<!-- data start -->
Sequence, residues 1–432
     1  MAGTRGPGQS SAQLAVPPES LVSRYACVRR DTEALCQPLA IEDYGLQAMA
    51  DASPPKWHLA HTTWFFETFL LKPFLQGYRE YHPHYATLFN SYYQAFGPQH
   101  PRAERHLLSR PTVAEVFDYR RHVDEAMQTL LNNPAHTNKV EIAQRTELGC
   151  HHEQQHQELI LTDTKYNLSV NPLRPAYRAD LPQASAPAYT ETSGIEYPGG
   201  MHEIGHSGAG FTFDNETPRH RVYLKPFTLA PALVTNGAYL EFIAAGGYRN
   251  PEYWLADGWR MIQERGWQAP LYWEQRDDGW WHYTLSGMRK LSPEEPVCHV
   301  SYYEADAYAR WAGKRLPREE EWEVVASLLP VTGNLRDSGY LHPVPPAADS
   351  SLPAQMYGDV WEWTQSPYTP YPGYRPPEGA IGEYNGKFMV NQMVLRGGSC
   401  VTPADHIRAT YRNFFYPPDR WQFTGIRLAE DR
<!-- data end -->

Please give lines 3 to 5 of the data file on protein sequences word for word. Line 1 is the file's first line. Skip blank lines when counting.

    51  DASPPKWHLA HTTWFFETFL LKPFLQGYRE YHPHYATLFN SYYQAFGPQH
   101  PRAERHLLSR PTVAEVFDYR RHVDEAMQTL LNNPAHTNKV EIAQRTELGC
   151  HHEQQHQELI LTDTKYNLSV NPLRPAYRAD LPQASAPAYT ETSGIEYPGG